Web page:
Orringer doesn’t try to play tricks: this is a carefully-researched chronological narrative. She includes stories of her relatives.   Long parts of this novel are so adept and dramatic that I’m thinking, National Book Award? It is a glorious page-turner, controlled, vivid, and extremely sad.

I haven’t finished this yet–I have a few books going at once, including my Leonard Woolf–but wanted to assure you that this impressive debut novel is well-worth reading.

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On the bike trail.

BICYCLING:  I haven’t written much about bicycling lately.  It’s been hot and wet; many local trails are flooded; and the last few rides we’ve taken haven’t been much fun, the trails wrecked and eroded or under construction.

But today we managed a short ride (22 miles) on a trail that has dried up, and it was very easy.  The crazy thing was on the way back a young(er) woman passed me with her husband and I suddenly felt very competitive.  I started riding very fast, then decided I was ridiculous, then heard, “Go!  Go!” from my husband, and just zoomed along and finished the trail five minutes ahead of her.  Way to go!  I am either the least competitive of women (many of my friends say this) or the most competitive of women (a few friends say this).  At any rate, this is the third time in a decade that I have felt the urge to beat somebody.  Was it my peanut butter sandwich?

As a rule I compete against myself and attempt to beat  my personal record.  And that is much better…

BOOKS:  On my bike break today, I read Rose Macaulay’s Staying with Relations.  I love Rose Macaulay, was enthralled with Dangerous Ages last week, and am very much enjoying SWR.  The back cover blurb says: “Catherine Grey, ‘like so many young females, a novelist,’ is invited by her aunt to the family’s old Spanish plantation deep in the rain forest of Guatemala…”

I’ll review  this later.  Maybe next week.

BOOKER PRIZE NEWS:  The Man Booker Prize shortlist is announced on Sept. 7.  Wow, that’s coming up.  So far I’ve read two and a half on the longlist (one I couldn’t finish) and, amazingly, have acquired three more, Room (from Rhonda.  Thanks again!), The Betrayal, and The Slap.  I’m not sure I can finish these in the next week so I may assign one to a reluctant friend (who is busy reading the classics and has little time for this) or grab a soundbyte from someone else, another blogger or someone who comments here (please!).  Let me know if you’ve read any of them.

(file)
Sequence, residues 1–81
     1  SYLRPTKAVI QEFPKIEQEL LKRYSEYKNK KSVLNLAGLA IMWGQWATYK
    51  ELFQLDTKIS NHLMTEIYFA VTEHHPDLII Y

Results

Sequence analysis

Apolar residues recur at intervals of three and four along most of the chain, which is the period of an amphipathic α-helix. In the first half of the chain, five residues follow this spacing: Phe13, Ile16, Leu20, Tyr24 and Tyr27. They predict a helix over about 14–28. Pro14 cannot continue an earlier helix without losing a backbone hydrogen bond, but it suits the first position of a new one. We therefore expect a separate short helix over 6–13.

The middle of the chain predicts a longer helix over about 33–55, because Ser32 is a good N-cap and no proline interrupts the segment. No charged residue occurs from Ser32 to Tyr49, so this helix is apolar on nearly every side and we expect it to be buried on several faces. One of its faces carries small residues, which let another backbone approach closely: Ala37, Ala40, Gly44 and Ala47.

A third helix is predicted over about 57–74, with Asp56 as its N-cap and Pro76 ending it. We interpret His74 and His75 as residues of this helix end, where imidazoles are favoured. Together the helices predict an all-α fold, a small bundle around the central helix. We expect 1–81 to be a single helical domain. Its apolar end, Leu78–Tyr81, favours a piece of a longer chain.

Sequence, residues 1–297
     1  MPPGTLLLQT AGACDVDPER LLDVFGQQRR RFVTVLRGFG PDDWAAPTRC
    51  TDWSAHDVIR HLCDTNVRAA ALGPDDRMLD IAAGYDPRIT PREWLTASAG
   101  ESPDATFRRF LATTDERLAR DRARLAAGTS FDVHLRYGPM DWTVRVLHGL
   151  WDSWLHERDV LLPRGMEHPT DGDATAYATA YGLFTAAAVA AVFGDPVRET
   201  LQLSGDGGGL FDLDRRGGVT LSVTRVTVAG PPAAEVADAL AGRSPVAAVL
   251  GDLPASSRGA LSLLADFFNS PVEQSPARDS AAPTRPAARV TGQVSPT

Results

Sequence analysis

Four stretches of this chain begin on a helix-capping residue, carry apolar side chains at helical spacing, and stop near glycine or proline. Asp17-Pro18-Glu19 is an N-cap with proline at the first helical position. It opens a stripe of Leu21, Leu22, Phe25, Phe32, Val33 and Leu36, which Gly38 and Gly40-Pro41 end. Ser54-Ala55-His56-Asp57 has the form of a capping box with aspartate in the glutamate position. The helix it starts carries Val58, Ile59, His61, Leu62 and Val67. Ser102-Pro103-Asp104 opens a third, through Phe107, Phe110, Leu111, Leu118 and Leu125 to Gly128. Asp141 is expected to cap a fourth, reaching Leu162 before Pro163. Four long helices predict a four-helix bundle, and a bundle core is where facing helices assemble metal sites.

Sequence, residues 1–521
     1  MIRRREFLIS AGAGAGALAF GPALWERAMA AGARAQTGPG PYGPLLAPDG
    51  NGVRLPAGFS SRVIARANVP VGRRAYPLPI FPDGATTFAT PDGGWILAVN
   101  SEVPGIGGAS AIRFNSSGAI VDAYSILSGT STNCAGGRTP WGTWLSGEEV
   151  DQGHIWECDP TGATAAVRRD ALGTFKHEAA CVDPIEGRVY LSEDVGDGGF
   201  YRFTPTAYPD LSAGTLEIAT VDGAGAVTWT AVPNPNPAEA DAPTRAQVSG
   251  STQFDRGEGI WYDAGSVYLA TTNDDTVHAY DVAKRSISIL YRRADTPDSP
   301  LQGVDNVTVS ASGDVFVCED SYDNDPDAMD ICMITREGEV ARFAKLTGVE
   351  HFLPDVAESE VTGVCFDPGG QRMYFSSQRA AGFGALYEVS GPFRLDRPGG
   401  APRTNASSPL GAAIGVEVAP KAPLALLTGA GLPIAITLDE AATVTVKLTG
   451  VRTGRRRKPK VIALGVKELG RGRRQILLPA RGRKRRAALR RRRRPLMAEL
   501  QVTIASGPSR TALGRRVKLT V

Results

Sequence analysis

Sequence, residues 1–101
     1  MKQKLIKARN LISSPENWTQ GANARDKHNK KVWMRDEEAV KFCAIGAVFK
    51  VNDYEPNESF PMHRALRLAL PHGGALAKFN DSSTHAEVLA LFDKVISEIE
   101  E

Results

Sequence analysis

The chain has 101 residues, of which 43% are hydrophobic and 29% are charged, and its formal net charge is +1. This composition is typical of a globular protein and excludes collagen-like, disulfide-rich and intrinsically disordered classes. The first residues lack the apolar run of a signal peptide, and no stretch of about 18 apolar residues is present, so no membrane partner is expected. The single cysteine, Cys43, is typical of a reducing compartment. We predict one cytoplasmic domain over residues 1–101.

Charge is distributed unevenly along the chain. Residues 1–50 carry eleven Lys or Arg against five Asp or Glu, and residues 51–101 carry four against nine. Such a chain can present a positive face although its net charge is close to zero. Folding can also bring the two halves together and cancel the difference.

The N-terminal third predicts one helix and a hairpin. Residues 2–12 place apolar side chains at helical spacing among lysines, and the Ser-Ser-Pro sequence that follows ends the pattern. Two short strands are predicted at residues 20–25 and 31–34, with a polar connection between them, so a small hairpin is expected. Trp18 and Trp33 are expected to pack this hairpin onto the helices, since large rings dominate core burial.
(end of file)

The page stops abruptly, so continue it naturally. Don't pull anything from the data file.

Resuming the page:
“TOMORROW”:  I love the apocalyptic rock of Morrissey and, if only it weren’t a requirement of bicycling to drift and be slightly dazed and bored, I would listen to Morrissey on my iPod as I bicycle.  Think how much faster I would go!  But it can be dangerous to listen to music as you bicycle because you don’t hear the traffic and truckers have been known to  run down bicyclists here.  

But Morrissey’s strange, gloomy, intense, sometimes apocalyptic songs are excellent to listen to while walking and definitely accelerate the pace.  Here’s a quote from “Tomorro” and the video:

Tomorrow,
Will it really come?
And if it does come,
Will I still be human?

It’s not really apocalyptic in the song’s context, but I still call it apo-rock.

Here is the YouTube video:

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Usually nothing happens “off the grid,” i.e., living simply in an old house, bicycling instead of driving, doing without a photo ID, and “supporting culture” by buying a lot of books (yes, I know I should go to the library all the time, but there are limits), but here’s the latest dilemma.

This looks pretty much like my stove.